prostratin


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prostratin

A non-tumor-promoting phorbol ester derived from the bark of the mamala tree (Homalanthus nutans ). It is capable of blocking the spread of HIV and of reactivating HIV expression from latency in peripheral blood mononuclear cells, thus exposing HIV particles to antiviral drug therapy. Prostratin offers the possibility of eliminating persistent viral reservoirs in certain individuals infected with HIV.
References in periodicals archive ?
2011) De novo assembly of Euphorbia fischeriana root transcriptome identifies prostratin pathway related genes.
Its current research targeting latent HIV reservoirs, including the development of prostratin, will bring the world closer to a cure.
The bark was analysed by The US National Cancer Institute and prostratin was identified as a key ingredient and after 25 years of dedicated work, Wender has been able to synthesise prostratin, enabling the latest breakthrough.
Drugs such as histone deacetylase inhibitors, currently used and licensed for the treatment of some cancers; methylation inhibitors; cytokines such as IL-7 or activators of nuclear factor kappa B (NF-[kappa]B) such as prostratin, show promising activity in reversing latency in vitro when used either alone or in combination.
based research institutions for shares of royalties from the use of prostratin, an antiviral chemical derived from the bark of the native mamala tree (Homalanthusnutans).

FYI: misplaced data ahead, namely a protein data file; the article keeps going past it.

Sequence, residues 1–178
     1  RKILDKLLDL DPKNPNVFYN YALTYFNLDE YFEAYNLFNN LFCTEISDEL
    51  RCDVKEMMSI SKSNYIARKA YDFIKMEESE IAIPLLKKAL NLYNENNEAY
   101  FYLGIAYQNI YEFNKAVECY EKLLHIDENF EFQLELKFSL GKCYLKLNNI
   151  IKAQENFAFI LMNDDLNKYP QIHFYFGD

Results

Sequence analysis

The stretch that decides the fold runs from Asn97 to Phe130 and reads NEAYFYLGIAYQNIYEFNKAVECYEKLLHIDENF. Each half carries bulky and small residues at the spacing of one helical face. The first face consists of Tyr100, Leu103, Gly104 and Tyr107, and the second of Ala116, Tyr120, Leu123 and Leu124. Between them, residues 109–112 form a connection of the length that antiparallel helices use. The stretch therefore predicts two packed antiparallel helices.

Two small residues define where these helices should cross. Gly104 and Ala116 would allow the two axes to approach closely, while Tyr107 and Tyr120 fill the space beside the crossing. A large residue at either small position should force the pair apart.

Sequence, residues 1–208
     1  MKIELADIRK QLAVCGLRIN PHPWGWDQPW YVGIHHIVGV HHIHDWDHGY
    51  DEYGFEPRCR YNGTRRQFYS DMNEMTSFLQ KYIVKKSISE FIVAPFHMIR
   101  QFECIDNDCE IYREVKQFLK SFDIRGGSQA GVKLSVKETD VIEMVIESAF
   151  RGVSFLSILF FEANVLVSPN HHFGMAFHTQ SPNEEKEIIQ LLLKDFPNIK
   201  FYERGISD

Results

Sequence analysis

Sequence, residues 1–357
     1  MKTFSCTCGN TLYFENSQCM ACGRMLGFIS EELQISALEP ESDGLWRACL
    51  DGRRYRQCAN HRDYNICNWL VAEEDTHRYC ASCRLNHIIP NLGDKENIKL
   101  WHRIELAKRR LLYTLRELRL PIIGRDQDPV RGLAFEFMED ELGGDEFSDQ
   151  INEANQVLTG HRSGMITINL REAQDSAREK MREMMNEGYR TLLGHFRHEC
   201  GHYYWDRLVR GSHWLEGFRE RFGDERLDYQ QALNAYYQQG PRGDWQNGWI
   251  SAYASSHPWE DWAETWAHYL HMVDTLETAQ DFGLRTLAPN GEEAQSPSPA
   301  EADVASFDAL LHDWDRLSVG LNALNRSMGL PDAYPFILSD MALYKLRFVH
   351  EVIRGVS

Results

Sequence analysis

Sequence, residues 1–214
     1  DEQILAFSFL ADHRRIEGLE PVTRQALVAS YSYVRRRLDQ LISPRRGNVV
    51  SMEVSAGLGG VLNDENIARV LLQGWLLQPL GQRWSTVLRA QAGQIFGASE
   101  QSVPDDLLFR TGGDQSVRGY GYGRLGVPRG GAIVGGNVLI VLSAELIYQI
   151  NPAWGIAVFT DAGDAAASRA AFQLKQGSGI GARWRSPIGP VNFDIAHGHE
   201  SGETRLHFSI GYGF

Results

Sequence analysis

Other candidates include IL-7 and kinase agonists such as prostratin.
Amyris also plans to adapt the terpene precursor pathway to make prostratin, an anti-HIV compound found in the bark of a Samoan tree.
agreed to sponsor the first two rounds of clinical trials of prostratin.
Ultimately this discovery led to a promising anti-HIV compound called Prostratin, isolated by a team at the National Cancer Institute (NCI) in 1989 and patented as an antiviral remedy.
NCI solicited bids from pharmaceutical companies to license prostratin for the development of a potential new AIDS drug.
Although no pharmaceutical company has yet picked up prostratin for clinical testing, Cox and Cragg both point out that part of any income derived from future sale of the product will be returned to Samoa.
In August 2004, Keasling traveled to Samoa with ethnobotanist Paul Alan Cox to sign an agreement that gives a share of any profits from the production of Prostratin directly to the Samoans, since they first discovered and used the drug.